House Speaker Paul Ryan Reveals GOP Health Care Plan House Speaker Paul Ryan unveiled the health care component of congressional Republicans' policy agenda Wednesday, a long-awaited alternative to the Affordable Care Act.
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House Speaker Paul Ryan Reveals GOP Health Care Plan

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House Speaker Paul Ryan Reveals GOP Health Care Plan

House Speaker Paul Ryan Reveals GOP Health Care Plan

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Today House Republicans offered up an outline of what America's health care system might look like under a future Republican president. Their plan calls for more options for health insurance policies and the possibility of lower cost. It also includes fewer safeguards for people who get sick. NPR's Scott Horsley reports.

SCOTT HORSLEY, BYLINE: Ever since Democrats in Congress passed Obamacare more than six years ago, Republicans have been vowing to repeal it. But for the most part, they have not said what they want to replace it with until now.

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PAUL RYAN: Here it is, a real plan in black and white right here.

HORSLEY: House Speaker Paul Ryan unveiled the Republican health care plan this afternoon at a conservative think tank here in Washington. He says it represents not just a change in policy from Obamacare, but a whole different philosophy.

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RYAN: Either we have the government forcing us and telling us what we have to do, where we have to do it and how much we have to pay for it or we put ourselves in charge - we as consumers, as patients.

HORSLEY: The GOP plan would do away with the regulated exchanges in Obamacare and replace them with a more wide-open insurance market. Health policy expert Joseph Antos of the conservative American Enterprise Institute says customers would have more freedom to buy stripped down policies across state lines if they want to. And companies could offer a wider range of prices depending on a patient's age.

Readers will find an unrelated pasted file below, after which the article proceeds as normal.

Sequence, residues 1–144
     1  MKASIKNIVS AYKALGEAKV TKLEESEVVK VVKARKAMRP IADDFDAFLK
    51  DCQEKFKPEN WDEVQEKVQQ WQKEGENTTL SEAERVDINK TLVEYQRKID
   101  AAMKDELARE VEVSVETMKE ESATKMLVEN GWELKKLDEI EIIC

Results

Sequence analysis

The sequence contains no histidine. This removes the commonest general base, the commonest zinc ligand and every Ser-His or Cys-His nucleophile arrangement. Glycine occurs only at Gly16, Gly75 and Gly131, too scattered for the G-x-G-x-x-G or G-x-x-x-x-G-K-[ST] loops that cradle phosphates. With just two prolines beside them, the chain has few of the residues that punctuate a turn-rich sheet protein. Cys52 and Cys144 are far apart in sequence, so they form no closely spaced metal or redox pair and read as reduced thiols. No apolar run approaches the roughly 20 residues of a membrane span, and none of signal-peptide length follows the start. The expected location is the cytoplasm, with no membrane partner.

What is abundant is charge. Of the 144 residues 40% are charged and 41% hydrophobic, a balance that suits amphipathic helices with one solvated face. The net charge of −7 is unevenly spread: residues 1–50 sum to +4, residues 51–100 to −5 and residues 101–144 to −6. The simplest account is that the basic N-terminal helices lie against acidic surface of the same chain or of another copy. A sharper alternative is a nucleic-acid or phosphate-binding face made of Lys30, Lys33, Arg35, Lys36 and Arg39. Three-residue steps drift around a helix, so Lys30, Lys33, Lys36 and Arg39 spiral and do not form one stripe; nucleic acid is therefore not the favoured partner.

JOSEPH ANTOS: If you want younger healthier people to sign on - you've got to - you have to mark it up so that young people will in fact be attracted to those policies.

HORSLEY: Customers would get a tax credit to help defray the cost of insurance. Though, the GOP is not saying by how much. The plan would also limit federal spending on Medicaid for poor patients, and it would eventually overhaul Medicare, so future retirees get a fixed subsidy they could use to help buy private insurance. Congressman Ryan's been pushing that idea for years now. Though, Antos admits it's a political hot potato.

ANTOS: It is a brave move. The intention is to give it a shot in the arm for the health sector to find more efficient and more effective ways of providing health care.

HORSLEY: The Republican plan preserves some of the more popular elements of Obamacare like letting young adults stay on their parents' insurance, but it doesn't guarantee coverage to those with pre-existing medical conditions if they allow their insurance to lapse. Sara Collins of the Commonwealth Fund, which works to promote health access says that could put tens of millions of people at risk of losing coverage.

SARA COLLINS: It is very possible that people would have difficulty maintaining continuous coverage over their lifetime just based on past experiences.

HORSLEY: The plan calls for subsidized high-risk pools to insure those with especially costly medical conditions. Collins is skeptical about the Republicans' plan. She says Obamacare has already pushed the number of uninsured Americans to a record low, even as health care costs have grown at a slower than expected rate.

COLLINS: Overall, the law has worked well to insure millions of people and also provide cost protection and some better access to care.

HORSLEY: Speaker Ryan conceded today the GOP plan is just an outline, and he's not aiming to pass any legislation until a new Republican president is in office.

GOP White House hopeful Donald Trump has embraced some elements of the Republican plan, though not the Medicare overhaul. If nothing else, the plan gives Ryan and his colleagues a way to change the subject any time they're asked about Trump.

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RYAN: Next question. I got nothing for you today, man. Nice try.

HORSLEY: Scott Horsley, NPR News.

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